Ratings matter to advertisers and that’s where it should stop (in fact advertisers should stop making decisions based on ratings too). As a brand, your fans come first. Engagement trumps reach. Know who you’re talking with and why they’re listening. If you continue to program based on PPM (portable people meters), you will take all the fun and creativity out of programming and it will hurt you in the long run, both in attracting talent and keeping an engaged audience. Advertisers want a ‘real’ audience, they want to see tangible actions by consumers based on marketing messages, and have bought into the idea that PPM shows them where the audience is. Your station might show big #s, but do you have the hearts of your audience? Depth vs. reach. Pro tip: Advertisers buy ideas that are proprietary to your brand. If they can take the idea and apply it elsewhere, it’s not proprietary and it’s certainly not original, which won’t set them apart in an already fragmented market.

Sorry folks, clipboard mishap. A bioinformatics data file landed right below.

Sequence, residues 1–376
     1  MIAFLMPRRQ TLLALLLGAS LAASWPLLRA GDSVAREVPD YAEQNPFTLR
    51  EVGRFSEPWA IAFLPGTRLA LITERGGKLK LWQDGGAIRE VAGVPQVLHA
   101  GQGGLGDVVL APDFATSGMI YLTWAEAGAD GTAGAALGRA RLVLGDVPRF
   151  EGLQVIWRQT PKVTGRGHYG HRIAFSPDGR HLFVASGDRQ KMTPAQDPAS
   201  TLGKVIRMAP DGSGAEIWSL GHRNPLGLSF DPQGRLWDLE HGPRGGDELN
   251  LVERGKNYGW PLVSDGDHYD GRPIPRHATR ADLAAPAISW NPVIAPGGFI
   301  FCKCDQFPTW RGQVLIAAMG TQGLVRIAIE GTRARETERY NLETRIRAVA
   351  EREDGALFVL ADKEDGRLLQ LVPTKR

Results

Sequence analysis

6. Linear consumption is out.